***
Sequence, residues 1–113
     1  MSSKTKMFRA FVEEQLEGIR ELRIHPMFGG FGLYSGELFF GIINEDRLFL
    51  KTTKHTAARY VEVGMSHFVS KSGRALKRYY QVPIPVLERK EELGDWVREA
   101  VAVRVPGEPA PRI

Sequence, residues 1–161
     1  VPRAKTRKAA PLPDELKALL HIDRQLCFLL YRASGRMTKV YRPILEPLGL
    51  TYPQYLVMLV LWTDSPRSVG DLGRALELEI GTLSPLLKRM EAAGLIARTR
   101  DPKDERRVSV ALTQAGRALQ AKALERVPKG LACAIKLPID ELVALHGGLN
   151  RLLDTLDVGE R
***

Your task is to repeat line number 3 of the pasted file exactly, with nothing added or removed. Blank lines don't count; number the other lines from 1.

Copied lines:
    51  KTTKHTAARY VEVGMSHFVS KSGRALKRYY QVPIPVLERK EELGDWVREA